Henderson has come a long way to get here.  He’s had two shoulder surgeries himself. He fought against all odds to make the Mets Opening Day roster.  Not only did he make the roster, he quickly established himself as a very important part of the Mets bullpen. 

So far this year, Henderson has pitched in five of the eight games the Mets have played. On Tuesday, he threw 34 pitches, which was the most he’s ever thrown in one game. Wednesday was a day game. The Mets added Rafael Montero to the roster so the Mets would have a full bullpen for the game. With the score tied 0-0 in the seventh inning, Collins put Henderson in the game. 

Before Wednesday’s game, Henderson’s fastball averaged 95 MPH. On Wednesday, he was sitting around 89 MPH. He allowed a single and two hits before Collins pulled him from a game he shouldn’t have entered in the first place. Collins excuse?

It’s difficult to believe that Collins used this as a justification.  He says he is troubled by Santana’s no-hitter, and he thinks it had a profound impact on effectively ending his career.  Why would he willingly do the same thing again with another player?  Why would he go to Henderson when there were other, fresher options?  It doesn’t make sense.

It should be noted that Collins had a different tone in Wednesday’s press conference than Santana’s. Collins was fired up. There was no hint of him fearing for Henderson’s future. 

Collins thought this was a must-win game, but it’s a stretch to believe he would sacrifice a player’s health for it.  Collins said he was desperate, but there has to be a line. Collins might’ve wanted to respond to people questioning the Mets effort, but putting a player’s health and career in doubt, you prove nothing.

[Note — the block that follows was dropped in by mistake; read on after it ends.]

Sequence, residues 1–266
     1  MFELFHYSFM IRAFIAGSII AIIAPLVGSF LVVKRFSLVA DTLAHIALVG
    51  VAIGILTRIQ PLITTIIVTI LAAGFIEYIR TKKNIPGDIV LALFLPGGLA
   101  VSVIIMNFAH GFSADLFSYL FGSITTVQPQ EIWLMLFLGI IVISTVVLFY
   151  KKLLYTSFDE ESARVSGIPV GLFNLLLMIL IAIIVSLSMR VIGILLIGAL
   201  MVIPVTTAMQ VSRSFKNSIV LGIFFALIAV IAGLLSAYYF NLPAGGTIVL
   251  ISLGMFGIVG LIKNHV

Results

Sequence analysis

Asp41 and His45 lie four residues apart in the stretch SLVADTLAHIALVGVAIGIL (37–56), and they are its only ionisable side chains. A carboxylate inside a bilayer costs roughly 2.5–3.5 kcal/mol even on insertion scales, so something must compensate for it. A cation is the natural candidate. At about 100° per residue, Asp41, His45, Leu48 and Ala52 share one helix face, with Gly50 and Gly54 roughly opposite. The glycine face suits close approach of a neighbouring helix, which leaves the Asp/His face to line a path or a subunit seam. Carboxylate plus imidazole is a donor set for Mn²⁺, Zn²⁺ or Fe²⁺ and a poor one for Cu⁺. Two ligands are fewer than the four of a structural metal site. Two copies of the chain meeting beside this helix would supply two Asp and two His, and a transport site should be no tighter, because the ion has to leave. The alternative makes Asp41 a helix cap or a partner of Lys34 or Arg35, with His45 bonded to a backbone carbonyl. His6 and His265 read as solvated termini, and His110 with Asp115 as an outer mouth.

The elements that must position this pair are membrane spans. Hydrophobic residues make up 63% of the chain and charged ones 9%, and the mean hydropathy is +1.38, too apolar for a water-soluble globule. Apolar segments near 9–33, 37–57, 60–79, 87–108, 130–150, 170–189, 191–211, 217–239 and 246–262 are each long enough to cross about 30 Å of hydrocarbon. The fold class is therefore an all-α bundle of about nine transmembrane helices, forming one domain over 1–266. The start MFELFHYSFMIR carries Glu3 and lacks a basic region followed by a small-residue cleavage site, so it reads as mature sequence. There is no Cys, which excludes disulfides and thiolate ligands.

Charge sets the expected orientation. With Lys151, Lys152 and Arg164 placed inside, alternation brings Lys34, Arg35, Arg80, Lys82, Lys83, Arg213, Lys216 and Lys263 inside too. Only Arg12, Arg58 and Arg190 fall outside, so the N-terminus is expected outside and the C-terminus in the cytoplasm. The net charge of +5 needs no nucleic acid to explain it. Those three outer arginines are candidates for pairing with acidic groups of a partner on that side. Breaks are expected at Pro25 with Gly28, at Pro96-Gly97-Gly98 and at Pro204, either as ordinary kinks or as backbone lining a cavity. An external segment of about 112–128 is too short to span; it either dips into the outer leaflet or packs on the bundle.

At the end of the day, Terry Collins has shown he has learned nothing.  While we all understood him leaving Santana in, there was no excuse for pitching Henderson there. Collins could’ve ended someone’s career for what really was just another April game. Overall, Mike Vaccarro put it best when he chastised Collins:

Collins has had some nice moments as the manager of the Mets. Wednesday wasn’t one of them.  Collins once called Santana’s no-hitter the worst night of his baseball life. Wednesday could’ve been the worst day of Henderson’s professional life, but Collins showed no remorse. Collins may be haunted by Santana’s no-hitter, but he has clearly showed he’s learned nothing from it. 

Editor’s Note: this was first published on metsmerizedonline.com

Blame Alderson for the Panic City Nonsense

I have a bone to pick with Sandy Alderson. No, it’s not the offense that isn’t hitting. They should hit eventually. Well, we at least hope they will. No, it’s when Alderson dubbed Mets fans “Panic City.”